"I was at Harvard Law... By the end of the first semester, I had twenty-seven study partners, eight exercise books full of recipes, and a D average. So I dropped out."
When Ana Pascal tells Harold Crick how she became a baker in the film Stranger Than Fiction, I can definitely sympathize. Granted, I'm not at Harvard, I'm not holding any study sessions, and my average isn't quite that awful, but I've definitely spent the better part of this semester's reading period cooking and thinking and writing about food.
Reading period is supposed to be the time when you start to let the little details of day-to-day life slide. This is the time when law students stop doing their laundry, stop brushing their hair, and subsist on caffeine and whatever they can scrounge from the back of the fridge while they attempt to cram all the information they need into their poor little sleep-deprived, overworked, overstressed brains.
I, for one, am supposed to be devoting my time to untangling the intricacies of the Chevron doctrine and committing large portions of the Uniform Probate Code to memory. "Supposed to be" being the operative words.
Which is, of course, why my laundry is done, my hair is still brushed, and I went to have my usual Saturday cooking lesson with Michelle this weekend.
Michelle, as I may or may not have mentioned before, is married to Jake, my ex from freshman year of college. It probably sounds like the setup for a bad sitcom, but Michelle and I get along brilliantly.
The cooking lessons came about because Jake, though an excellent cook, has a cooking style that is very different to Michelle's. Cooks can roughly be divided into two groups: those who follow recipes to the letter, and those who think that recipes are a good start. Jake is definitely one of the former. Michelle is more of the latter. The two styles don't always mesh, so when Michelle mentioned that she wanted to learn more about cooking, I volunteered to teach her.
This week, we tackled berry scones and, using Thanksgiving leftovers, turkey pot pie. (At a glance, the two may not have much in common, but the biscuit crust on pot pie isn't all that different to scones.) After stuffing ourselves silly on the scones and pie, we settled in the living room. Jake turned on the television, but when it became clear that there wasn't anything particularly exciting on, I picked up a cookbook from Jake's collection to leaf through.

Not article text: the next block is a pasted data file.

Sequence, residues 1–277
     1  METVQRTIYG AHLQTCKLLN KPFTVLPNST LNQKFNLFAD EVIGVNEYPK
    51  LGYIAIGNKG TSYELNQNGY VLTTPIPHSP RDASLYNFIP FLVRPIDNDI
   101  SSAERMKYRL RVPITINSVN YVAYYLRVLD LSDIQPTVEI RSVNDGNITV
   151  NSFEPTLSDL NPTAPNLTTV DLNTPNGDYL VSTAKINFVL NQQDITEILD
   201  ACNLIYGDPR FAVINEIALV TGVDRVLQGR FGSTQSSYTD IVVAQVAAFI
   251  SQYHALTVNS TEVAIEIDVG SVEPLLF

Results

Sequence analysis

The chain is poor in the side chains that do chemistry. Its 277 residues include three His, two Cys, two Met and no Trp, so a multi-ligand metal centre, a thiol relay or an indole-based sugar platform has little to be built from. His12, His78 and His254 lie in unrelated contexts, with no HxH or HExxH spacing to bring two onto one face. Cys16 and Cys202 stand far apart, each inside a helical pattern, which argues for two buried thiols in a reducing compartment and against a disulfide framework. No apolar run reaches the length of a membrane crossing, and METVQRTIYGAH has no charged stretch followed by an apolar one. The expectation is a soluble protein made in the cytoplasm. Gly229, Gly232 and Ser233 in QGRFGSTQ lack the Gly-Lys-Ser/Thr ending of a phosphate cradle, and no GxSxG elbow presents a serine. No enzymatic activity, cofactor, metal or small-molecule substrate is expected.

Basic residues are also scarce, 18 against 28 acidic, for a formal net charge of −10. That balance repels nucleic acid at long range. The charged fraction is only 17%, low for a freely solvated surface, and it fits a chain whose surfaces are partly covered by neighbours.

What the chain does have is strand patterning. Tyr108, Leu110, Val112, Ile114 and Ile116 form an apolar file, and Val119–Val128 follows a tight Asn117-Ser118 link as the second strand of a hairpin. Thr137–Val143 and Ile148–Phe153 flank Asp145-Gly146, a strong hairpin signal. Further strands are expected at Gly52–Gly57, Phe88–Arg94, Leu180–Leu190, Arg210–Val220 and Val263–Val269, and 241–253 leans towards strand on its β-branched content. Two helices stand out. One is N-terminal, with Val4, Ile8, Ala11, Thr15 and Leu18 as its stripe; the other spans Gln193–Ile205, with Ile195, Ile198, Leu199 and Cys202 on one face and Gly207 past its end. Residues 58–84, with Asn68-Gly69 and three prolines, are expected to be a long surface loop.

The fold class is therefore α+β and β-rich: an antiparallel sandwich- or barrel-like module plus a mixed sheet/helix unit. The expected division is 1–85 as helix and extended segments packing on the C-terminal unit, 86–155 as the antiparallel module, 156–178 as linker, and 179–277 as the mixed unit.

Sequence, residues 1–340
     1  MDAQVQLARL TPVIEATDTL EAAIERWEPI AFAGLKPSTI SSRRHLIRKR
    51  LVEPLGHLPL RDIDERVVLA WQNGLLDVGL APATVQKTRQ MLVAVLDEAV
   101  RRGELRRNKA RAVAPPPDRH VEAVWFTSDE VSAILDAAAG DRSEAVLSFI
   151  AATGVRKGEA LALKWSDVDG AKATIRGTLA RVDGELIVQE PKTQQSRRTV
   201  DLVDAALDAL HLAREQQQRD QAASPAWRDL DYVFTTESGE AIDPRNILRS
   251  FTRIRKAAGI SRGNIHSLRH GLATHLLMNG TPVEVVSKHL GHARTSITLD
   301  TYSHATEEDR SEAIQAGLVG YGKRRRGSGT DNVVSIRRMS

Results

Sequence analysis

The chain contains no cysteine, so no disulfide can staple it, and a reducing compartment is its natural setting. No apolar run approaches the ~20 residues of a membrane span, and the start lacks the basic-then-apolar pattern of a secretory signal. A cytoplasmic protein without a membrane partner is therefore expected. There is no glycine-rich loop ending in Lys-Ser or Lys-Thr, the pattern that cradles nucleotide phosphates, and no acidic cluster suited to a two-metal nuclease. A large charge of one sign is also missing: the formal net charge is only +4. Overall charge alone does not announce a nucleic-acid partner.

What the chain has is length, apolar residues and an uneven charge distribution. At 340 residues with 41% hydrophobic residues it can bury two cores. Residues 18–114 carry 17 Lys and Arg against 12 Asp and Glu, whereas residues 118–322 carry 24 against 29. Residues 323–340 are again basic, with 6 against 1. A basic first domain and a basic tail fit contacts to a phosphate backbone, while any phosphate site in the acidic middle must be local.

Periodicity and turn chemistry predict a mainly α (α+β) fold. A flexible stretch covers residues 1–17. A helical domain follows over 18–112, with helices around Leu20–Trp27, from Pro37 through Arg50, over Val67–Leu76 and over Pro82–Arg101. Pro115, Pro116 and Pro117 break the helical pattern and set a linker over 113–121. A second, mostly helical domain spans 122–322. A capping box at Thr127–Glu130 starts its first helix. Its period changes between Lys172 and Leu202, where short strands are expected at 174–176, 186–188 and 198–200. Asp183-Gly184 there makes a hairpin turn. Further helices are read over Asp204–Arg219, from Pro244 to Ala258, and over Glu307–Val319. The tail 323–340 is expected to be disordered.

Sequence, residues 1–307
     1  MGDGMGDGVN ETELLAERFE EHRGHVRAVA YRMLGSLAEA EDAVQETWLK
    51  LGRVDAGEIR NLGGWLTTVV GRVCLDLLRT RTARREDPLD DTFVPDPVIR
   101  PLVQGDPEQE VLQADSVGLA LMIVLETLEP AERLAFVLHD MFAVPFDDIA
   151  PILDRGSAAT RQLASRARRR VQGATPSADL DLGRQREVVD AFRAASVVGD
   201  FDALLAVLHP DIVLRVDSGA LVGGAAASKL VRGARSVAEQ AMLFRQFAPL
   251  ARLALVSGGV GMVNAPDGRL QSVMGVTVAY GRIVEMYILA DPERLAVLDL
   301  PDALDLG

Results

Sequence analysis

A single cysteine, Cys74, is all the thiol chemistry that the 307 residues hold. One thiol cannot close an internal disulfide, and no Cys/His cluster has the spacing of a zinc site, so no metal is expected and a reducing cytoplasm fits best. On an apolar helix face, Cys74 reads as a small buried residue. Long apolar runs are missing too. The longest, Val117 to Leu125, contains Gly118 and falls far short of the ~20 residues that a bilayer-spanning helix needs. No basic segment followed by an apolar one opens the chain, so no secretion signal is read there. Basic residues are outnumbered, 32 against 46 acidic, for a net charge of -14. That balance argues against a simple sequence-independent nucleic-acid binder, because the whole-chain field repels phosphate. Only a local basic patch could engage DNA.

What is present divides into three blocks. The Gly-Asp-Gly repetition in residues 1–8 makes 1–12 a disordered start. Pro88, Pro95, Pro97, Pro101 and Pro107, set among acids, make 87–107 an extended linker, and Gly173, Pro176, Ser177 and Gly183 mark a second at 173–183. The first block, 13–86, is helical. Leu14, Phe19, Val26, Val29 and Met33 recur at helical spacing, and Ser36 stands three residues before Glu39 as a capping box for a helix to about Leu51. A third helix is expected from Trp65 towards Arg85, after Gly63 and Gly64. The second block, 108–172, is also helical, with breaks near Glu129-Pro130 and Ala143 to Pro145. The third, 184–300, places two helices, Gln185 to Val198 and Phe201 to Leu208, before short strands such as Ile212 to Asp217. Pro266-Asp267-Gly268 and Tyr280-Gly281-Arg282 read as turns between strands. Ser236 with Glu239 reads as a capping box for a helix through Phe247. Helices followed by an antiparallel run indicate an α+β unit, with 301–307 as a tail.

The book I ended up choosing was Dinner For Eight, which is the cookbook his mother wrote, and I spent a contented half-hour reading recipes I'd probably never make (like Peruvian-style pork and peanut stew) and recipes that I might use as inspiration (like braised short ribs in porcini-prune sauce), which are the two categories that I tend to sort recipes into. (If you haven't guessed yet, I am one of those cooks who thinks that a recipe is a good start.)
Jake gave up on television just as I got to a recipe for walnut lace cookies. I said something to the effect of how delicious they sounded. Jake remarked that they were easy to make, and that he probably had all the ingredients in the kitchen right at that moment.
Which is how we ended up in the kitchen for a second round of baking. I let Jake lead, because it ensured that we'd actually follow the recipe, and I need to follow a recipe through from start to finish occasionally, just so that I don't completely forget how to do it.
Lace cookies, which are a little like tuiles, are made by boiling up a sugar-butter syrup, then stirring in flour and any other additions you may have to form a sticky batter. You drop spoonfuls of this batter on cookie sheets, then bake until they're thin golden discs of buttery, burnt sugary deliciousness. They're wonderfully brittle - there's nothing quite as satisfying as taking a huge bite out of a lace cookie and feeling it shatter. (Not an exercise you want to attempt without a plate, though.)
As Jake promised, they were easy to make. So easy, in fact, that I'll probably whip up a batch of these myself sometime in the next few days, sometime after I've gone a few rounds with the Chevron doctrine and read through the Uniform Probate Code more thoroughly.
Whether or not I will actually follow the recipe remains to be seen.
Walnut Lace Cookies
From Dinner For Eight, by Denise Landis.
(Makes around three dozen.)
1 stick butter
1/2 cup light corn syrup
2/3 cup packed brown sugar
1 cup flour
1 cup chopped walnuts
1. Preheat oven to 350 degrees. Line a baking sheet with a nonstick liner or parchment paper and set aside.
2. In a medium saucepan over low heat, melt the butter. Add the corn syrup and brown sugar. Bring the mixture to a boil, then remove from the heat and add flour and walnuts. Stir until well mixed.
3. Place rounded teaspoons of the mixture on the baking sheet about 3 inches apart; the batter will spread quite a bit during baking. Bake until the batter has spread and is full of air bubbles and light golden brown, about 8 minutes. Be careful not to overbake. Remove from the oven and allow to cool completely before removing from the baking sheet.
Optional extra: Roll the edges in melted chocolate.